Thursday, February 16, 2012

STEM ED for Homeschoolers

Recently my STEM class (offered at a non-profit homeschooling co-op) finished up an interactive multi-lesson unit on alternative energy technology. Each student picked an energy topic, researched it and presented it to the class: we heard about fission, photovoltaic effect, high-speed train function, wind turbines and more. One week students designed paper turbines to see how they could affect rotational speed - see how speedy the "turbines" were in the video! We used a Thames and Kosmos car kit where the car could be powered by solar energy, battery energy, or hydrogen energy. The kit helped us explore electricity including static and current, concepts of voltage and resistance, solar panels and battery circuits. Students were able to tinker with, observe and sketch a one-wheel drive transmission and map how electrons actually move through a circuit, turn a gear, and propel a car. One session had students measuring voltages of batteries with a multimeter and experimenting with how to orient a solar panel to maximize voltage or current.

My favorite part was getting the fuel cell component working - this took a ton of repair on a kit that unfortunately was fragile. Once it was workable, students observed the electrolysis of water using a current to separate water into its component gases oxygen and hydrogen! This separation required electronic current to complete, and we were able to make it work with currents from both batteries OR our solar panel! After the oxygen and hydrogen were formed and stored in small tanks leading to a fuel cell, the students saw how the gases combined back into water, releasing electrons, which powered the car without any other energy source!

Recently, we've spent time each week debriefing service learning group work - what's been accomplished, what goals are coming up, and how best to accomplish those goals. I'm happy to report that all four groups now have meaningful work. The teams and projects are:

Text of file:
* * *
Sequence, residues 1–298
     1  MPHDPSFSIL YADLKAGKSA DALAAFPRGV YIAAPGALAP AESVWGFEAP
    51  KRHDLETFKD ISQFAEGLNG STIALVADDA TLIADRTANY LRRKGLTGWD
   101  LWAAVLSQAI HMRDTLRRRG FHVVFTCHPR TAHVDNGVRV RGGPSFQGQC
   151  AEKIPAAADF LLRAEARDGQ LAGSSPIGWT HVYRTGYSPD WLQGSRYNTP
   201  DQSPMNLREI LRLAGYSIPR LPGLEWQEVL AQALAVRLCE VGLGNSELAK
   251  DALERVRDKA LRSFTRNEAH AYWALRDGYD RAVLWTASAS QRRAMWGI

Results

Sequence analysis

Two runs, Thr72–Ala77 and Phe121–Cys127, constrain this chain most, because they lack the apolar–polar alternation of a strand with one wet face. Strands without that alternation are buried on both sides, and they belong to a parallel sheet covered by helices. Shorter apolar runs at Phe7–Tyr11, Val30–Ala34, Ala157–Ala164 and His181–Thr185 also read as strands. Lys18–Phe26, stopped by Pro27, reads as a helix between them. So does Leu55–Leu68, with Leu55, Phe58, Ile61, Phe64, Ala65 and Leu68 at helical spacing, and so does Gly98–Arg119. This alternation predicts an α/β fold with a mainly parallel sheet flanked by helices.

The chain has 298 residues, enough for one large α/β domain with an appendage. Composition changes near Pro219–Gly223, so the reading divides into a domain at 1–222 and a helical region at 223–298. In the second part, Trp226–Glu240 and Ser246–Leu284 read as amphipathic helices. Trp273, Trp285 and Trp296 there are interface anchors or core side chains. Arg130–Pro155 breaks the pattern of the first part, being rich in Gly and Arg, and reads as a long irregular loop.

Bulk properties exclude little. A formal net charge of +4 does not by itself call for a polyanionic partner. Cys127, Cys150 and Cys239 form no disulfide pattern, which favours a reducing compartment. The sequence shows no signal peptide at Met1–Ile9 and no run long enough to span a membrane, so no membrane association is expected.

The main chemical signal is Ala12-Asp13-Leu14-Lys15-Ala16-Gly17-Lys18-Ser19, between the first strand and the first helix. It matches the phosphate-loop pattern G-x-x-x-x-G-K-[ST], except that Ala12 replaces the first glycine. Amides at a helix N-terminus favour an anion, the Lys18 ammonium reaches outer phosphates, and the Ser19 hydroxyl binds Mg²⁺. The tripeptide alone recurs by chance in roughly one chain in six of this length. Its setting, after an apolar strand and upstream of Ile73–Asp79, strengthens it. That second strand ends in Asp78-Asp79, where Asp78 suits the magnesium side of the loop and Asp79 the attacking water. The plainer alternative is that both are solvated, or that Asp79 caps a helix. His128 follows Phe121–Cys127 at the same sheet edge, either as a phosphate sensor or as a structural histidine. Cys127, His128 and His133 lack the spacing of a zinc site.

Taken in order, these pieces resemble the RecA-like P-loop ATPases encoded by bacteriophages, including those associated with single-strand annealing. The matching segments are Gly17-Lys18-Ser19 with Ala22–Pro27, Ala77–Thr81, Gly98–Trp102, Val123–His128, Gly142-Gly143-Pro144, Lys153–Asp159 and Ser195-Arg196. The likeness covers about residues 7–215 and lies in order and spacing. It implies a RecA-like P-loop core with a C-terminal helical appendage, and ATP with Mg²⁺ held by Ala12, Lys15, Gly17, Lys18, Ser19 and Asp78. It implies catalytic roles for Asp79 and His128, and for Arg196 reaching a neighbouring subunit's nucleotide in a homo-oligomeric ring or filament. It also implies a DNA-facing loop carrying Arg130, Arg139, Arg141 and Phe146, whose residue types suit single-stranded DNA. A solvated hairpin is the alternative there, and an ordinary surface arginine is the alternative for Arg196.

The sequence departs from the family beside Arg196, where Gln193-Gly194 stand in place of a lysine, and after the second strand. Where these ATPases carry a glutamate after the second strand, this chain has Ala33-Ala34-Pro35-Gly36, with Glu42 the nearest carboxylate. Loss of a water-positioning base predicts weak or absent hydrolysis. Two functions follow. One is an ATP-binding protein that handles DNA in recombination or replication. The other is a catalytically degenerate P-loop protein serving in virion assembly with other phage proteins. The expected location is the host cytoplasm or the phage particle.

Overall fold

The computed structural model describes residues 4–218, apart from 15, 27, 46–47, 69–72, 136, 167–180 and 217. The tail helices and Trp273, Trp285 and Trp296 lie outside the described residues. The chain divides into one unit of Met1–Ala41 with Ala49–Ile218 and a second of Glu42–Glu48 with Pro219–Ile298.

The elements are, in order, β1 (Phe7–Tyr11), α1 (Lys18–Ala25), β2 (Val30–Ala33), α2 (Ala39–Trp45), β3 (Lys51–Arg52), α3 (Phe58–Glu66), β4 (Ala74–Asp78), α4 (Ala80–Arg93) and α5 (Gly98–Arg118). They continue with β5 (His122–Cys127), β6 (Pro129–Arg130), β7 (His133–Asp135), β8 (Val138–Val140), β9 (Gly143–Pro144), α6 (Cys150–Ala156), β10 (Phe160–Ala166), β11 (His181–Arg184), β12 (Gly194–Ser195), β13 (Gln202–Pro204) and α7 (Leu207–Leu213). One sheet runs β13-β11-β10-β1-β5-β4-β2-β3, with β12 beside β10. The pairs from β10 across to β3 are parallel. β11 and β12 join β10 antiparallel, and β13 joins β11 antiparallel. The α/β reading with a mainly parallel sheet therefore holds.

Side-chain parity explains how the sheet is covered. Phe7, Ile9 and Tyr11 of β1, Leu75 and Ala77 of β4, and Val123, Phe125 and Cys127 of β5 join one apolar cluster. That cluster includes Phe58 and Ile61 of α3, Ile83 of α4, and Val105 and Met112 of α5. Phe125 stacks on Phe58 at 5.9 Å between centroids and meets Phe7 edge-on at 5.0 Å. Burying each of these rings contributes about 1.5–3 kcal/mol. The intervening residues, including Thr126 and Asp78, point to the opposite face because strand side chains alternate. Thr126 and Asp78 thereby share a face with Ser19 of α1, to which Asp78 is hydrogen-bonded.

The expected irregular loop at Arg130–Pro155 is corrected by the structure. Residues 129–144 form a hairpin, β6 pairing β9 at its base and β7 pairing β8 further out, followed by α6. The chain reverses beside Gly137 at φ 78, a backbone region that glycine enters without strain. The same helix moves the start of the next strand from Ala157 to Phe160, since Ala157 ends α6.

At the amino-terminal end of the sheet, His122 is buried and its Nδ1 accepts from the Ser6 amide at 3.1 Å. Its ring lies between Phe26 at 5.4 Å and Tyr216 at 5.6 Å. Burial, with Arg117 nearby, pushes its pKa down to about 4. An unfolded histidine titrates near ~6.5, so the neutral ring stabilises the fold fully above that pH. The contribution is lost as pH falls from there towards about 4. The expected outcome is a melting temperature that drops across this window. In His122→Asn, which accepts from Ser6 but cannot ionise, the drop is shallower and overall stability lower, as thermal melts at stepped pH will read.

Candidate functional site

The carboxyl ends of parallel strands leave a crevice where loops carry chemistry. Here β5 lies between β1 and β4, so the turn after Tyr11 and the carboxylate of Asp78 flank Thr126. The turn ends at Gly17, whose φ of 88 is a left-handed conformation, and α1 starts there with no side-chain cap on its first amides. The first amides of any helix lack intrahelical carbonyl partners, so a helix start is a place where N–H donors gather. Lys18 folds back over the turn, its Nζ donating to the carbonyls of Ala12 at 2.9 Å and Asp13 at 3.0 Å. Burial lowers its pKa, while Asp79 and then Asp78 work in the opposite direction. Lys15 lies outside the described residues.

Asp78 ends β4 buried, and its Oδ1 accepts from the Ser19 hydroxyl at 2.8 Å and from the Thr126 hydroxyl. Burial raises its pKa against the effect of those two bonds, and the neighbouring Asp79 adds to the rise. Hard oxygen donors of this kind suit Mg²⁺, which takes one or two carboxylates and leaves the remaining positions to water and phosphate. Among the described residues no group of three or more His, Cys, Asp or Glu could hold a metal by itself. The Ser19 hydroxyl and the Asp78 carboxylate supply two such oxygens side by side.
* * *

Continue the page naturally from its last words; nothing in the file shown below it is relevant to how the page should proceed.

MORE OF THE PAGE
• Team 1: Partnering with the non-profit homeschool co-op for a parking lot study, scale model creation, study of people movement through the system, and presentation of findings and graphics to the board. Students have already provided feedback on a short-term solution with a graphic showing new car and pedestrian zones.
  • Team 2: Innovation/invention group designing a wind tunnel that models shear forces. Planned use of the tunnel to model a vertical axis wind turbine. Potential for copyright/patent application.
  • Team 3: Partnering with Computers 4 Kids to design and teach a short class on Google SketchUp. C4K helps low-income students become technologically literate through project-based lessons and mentoring. Team Hedges may present their course to C4K staff, volunteers, or students.
  • Team 4: Partnering with the Culpeper Senior Center to increase technology resources available. Students have already done an assessment of the current computer technology available to seniors. Currently there are no networked computers and only 2 of 4 desktops are functioning. Seniors mostly play games like solitaire, if they use the computers at all. Studying ways to provide internet access to the computers and basic computer skills training to either Senior Center staff or seniors themselves. Training may be in hardware or software.
If anyone else is working in the field of STEM service learning in homeschooling, traditional schools or alterative ed, drop me a line! I'm especially eager to hear how and what other homeschooling co-op classes are doing with STEM.

1 comment:

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